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Apocalypse Pig: The Last Antibiotic Begins to Fail


I mentioned on Monday that this past week was intended by the CDC, WHO and other health authorities to be a global awareness week for antibiotic resistance. Alarming news that came out of China at the end of the week certainly created new awareness of resistance, but possibly not what the organizers had in mind.

On Thursday, researchers from several Chinese, British and US universitiesannounced in the journal Lancet Infectious Diseases that they have identified a new form of resistance, to the very last-ditch drug colistin—and that it is present in both meat animals and people, probably comes from agricultural use of that drug, can move easily among bacteria, and may already be spreading across borders.

This is very bad news.

To understand why, it’s necessary to know a little bit about colistin. It is an old drug: It was first introduced in 1959. It has been on the shelf, without seeing much use, for most of the years since, because it can be toxic to the kidneys. And precisely because it hasn’t been used much, bacteria have not developed much resistance to it. It remains effective.

That neglect turned out to be very fortunate a few years ago when several different resistance factors—NDM, OXA, KPC—started hopscotching around the globe. All of them made bacteria invulnerable to a group of drugs called carbapenems that had been considered a last line of defense: They were the last drugs that were in common use and were able to take care of complex infections that happen in hospitals, caused by E. coliKlebsiellaAcinetobacter and similar gut-dwelling organisms. Once those bacteria became resistant to carbapenems (earning them the general name of “carbapenem-resistant Enterobacteriaceae,” or CREs), colistin was all that was left—and colistin use began rising.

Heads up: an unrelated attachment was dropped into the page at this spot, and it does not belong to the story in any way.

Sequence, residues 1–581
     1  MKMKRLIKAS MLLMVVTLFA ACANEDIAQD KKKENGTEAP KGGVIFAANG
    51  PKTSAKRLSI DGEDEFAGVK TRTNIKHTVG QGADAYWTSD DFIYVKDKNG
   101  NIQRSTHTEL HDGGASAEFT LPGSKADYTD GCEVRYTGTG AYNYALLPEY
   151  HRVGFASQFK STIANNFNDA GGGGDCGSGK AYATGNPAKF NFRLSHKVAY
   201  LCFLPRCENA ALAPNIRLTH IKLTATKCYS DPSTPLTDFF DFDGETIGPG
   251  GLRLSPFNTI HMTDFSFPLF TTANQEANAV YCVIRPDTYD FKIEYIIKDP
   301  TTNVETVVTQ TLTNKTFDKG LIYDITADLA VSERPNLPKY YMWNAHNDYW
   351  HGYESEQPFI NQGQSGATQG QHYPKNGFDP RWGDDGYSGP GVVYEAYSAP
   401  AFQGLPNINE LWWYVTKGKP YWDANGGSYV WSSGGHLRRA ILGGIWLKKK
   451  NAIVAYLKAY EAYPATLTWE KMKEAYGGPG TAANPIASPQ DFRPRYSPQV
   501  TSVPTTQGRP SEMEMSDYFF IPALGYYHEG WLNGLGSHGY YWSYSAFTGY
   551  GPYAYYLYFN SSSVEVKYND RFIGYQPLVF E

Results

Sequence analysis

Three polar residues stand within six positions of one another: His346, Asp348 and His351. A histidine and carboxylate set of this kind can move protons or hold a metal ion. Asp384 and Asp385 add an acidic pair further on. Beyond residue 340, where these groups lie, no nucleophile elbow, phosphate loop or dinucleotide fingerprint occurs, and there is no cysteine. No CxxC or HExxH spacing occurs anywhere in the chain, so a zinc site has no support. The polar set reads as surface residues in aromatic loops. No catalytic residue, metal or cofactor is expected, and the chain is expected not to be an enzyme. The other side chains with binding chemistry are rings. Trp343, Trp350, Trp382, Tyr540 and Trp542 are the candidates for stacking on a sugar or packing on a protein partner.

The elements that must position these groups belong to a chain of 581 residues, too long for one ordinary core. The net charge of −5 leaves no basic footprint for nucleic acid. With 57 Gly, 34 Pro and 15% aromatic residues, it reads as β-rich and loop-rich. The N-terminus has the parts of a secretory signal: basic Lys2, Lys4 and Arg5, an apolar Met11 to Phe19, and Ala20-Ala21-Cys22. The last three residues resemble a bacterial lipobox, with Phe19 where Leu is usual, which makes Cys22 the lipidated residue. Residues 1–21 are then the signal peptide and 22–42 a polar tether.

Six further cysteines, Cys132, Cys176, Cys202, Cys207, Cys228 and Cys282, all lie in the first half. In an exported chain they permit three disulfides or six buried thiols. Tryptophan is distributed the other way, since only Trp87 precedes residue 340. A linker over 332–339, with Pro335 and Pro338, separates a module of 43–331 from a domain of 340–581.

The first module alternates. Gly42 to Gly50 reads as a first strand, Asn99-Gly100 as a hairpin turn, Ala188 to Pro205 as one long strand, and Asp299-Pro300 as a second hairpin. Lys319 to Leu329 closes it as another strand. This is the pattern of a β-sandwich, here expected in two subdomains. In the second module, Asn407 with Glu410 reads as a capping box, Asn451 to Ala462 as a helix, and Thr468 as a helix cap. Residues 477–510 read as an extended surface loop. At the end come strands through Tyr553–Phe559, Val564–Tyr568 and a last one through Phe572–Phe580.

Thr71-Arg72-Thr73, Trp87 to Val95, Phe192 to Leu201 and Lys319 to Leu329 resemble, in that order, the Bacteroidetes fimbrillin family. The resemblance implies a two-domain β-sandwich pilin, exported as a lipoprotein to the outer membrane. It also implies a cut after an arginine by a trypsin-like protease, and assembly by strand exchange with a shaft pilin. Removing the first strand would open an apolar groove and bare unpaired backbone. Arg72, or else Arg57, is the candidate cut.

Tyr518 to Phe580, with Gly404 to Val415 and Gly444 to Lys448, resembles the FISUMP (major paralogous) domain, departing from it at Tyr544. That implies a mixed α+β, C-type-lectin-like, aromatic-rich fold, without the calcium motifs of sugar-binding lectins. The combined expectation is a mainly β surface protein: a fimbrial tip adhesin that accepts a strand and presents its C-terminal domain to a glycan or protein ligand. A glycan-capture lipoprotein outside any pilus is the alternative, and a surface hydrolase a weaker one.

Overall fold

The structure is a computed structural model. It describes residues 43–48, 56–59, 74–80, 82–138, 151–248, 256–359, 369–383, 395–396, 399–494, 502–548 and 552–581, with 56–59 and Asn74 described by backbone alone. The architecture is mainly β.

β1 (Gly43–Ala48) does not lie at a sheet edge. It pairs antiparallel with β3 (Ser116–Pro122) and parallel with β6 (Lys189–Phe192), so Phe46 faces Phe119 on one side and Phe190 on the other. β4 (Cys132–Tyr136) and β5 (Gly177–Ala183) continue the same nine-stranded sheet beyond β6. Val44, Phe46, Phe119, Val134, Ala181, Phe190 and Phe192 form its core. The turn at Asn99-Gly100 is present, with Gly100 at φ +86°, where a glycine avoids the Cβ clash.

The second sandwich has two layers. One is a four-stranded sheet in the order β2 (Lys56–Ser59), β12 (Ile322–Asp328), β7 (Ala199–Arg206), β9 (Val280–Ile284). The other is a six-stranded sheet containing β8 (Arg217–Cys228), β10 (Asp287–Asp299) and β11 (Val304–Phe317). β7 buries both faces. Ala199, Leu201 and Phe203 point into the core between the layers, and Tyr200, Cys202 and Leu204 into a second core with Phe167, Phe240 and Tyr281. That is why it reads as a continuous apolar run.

(From around that time: Here’s a great story that Jason Gale of Bloomberg wroteabout colistin, and one I wrote for Nature about CREs. A long series of posts I wrote for WIRED about the discovery of NDM and the bitter political fights over its apparent origin in India can be found  here. Of note, one of the discoverers of NDM is one of the authors of this new research.)

A thing about colistin, which no one seems to have connected the dots on: Because it is an old drug, it is cheap. And because it is cheap, it is an affordable addition to animal feed for all the uses I’ve talked about before: to make animals put on muscle mass faster, and protect them from the conditions of intensive farming.

Which, apparently, is how it is being used in China—but not only in China. From the paper:

China is… one of the world’s highest users of colistin in agriculture. Driven largely by China, the global demand for colistin in agriculture is expected to reach 11,942 tonnes per annum by the end of 2015 (with associated revenues of $229·5 million), rising to 16,500 tonnes by the year 2021, at an average annual growth rate of 4·75%. Of the top ten largest producers of colistin for veterinary use, one is Indian, one is Danish, and eight are Chinese. Asia (including China) makes up 73·1% of colistin production with 28·7% for export including to Europe.

The findings reported this week originate in an ongoing project in which the Chinese authors were looking for resistance in the E. coli that reside in the guts of food animals. (It’s encouraging that


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